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Central Bank of Congo (BCC) launches its national payment switch

After a reform phase aimed at modernising payment systems in the Democratic Republic of Congo, the Central Bank of Congo (BCC) launched its National Switch. It was in Gombe (Kinshasa) that the launch took place in the presence of BCC’s Governor, Déogratias Mutombo Mwana Nyembo, who made a withdrawal from one of Bank of Africa's (BOA) automatic teller machines (ATM) successfully.

BPC is proud to participate in the establishment of this national system which represents a strong impact for a nation of more than 90 million inhabitants and the largest territory of sub-Saharan Africa thus, contributing to the development of its economy. The SmartVista solution has become the platform of choice for central banks wishing to modernise their payment systems. The solution has indeed been adopted by more than 20 national systems around the world and amongst other things, it allows to manage instant payments. In the Democratic Republic of Congo, the BCC uses SmartVista to manage its national system, issue payment cards, connect all payment terminals (TPE) as well as automatic teller machines (DAB) and create a collaborative community ecosystem with the participating banks.

For the Congolese, this announcement represents a transition from cash payments to digital transactions. This transition will be carried out in stages, the final objective being that electronic money will one day position itself as the preferred means of payment for the Congolese to the detriment of cash. As for the Mosolo card (Mosolo means money), a card in Congolese franc and multi-currency, it will allow the natives to travel or trade internationally with confidence.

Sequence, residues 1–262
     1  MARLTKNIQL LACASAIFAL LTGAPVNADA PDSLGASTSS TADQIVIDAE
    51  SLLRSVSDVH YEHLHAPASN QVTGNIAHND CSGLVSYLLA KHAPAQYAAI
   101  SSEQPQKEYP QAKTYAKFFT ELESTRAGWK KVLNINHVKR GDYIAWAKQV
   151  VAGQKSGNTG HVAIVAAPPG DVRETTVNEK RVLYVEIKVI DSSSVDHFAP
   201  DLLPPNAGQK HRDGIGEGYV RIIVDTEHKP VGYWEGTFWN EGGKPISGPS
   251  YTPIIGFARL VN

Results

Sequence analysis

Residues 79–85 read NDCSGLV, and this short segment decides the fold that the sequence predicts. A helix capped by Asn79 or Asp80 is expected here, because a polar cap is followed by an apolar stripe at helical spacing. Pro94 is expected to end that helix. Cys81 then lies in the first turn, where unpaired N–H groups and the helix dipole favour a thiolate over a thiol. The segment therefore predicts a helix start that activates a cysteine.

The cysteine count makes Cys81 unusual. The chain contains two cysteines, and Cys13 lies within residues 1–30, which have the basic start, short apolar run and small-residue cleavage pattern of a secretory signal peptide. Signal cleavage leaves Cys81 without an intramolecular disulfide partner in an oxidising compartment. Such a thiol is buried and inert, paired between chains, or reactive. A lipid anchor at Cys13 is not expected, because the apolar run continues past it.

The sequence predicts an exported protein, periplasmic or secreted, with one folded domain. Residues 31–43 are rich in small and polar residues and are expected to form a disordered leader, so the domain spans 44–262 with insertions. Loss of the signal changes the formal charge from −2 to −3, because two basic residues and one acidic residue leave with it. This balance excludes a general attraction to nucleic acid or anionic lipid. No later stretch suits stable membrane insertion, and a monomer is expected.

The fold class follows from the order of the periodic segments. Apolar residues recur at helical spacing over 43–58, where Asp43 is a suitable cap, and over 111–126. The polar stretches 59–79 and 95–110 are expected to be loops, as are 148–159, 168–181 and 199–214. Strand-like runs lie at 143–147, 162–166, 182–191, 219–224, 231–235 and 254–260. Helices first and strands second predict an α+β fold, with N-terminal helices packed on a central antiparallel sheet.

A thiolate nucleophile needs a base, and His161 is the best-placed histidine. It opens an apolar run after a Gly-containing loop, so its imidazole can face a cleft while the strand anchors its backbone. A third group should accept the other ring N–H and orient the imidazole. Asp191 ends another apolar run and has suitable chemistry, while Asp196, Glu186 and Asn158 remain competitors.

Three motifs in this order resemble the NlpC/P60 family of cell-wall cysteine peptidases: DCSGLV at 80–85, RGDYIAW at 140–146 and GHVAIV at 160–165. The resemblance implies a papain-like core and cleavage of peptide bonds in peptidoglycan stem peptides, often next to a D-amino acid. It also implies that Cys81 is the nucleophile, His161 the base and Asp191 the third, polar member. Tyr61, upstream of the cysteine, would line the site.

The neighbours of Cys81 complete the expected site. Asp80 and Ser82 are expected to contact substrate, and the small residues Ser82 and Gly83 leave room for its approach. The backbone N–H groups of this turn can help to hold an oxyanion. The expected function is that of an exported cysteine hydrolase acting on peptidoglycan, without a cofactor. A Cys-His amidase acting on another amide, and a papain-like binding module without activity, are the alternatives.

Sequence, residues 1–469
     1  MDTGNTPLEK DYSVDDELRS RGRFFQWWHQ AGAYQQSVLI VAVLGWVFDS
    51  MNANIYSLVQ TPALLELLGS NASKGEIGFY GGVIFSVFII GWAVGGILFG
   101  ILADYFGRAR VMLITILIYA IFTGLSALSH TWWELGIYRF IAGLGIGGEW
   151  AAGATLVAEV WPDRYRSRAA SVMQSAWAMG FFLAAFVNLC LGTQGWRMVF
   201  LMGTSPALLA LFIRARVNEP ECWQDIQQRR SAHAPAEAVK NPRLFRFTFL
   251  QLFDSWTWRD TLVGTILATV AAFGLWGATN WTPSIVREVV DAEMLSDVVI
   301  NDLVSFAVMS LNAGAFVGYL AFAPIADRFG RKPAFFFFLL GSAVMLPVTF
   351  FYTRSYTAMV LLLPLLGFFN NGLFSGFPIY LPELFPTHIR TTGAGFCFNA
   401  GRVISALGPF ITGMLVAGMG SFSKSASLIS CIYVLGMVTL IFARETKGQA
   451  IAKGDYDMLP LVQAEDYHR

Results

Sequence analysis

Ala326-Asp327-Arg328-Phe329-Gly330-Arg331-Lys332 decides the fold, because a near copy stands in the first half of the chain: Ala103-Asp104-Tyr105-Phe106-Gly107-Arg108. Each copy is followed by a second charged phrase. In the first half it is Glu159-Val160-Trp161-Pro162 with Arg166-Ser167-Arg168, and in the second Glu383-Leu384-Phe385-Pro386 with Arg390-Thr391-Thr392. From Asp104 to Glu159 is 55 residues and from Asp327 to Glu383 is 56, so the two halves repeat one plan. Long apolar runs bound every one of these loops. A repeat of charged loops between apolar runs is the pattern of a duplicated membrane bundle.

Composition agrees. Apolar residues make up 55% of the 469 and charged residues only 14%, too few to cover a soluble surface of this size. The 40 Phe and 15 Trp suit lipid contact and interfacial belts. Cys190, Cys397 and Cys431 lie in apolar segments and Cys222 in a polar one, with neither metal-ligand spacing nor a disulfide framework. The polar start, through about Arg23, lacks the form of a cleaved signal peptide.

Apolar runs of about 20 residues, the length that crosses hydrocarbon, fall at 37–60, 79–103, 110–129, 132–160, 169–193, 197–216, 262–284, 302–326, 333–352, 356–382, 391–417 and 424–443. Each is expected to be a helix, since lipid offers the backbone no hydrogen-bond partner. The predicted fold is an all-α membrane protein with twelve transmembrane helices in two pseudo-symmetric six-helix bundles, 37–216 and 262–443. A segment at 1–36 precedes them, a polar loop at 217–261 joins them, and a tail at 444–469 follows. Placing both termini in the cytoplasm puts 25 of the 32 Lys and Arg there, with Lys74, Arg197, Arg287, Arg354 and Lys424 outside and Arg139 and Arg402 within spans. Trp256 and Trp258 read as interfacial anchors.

For the financial institutions present in the DRC, the National Switch brings new opportunities for the development of electronic payments and a collaborative environment to, together, meet the needs of the Congolese. The National Switch will transform the current landscape, which is characterised by segregated and privatised electronic payment solutions, by offering interoperability between the various economic players in the country.

The switch to electronic payment has altered the agenda of governments, which must consider the hygienic risks associated with the handling of currency in the context of the COVID-19 pandemic. The launch of a new national electronic payment switch, eagerly awaited by the Congolese population, should be characterised by greater use of payment cards as well as an increase in the banking rates, as well as mobile network operators.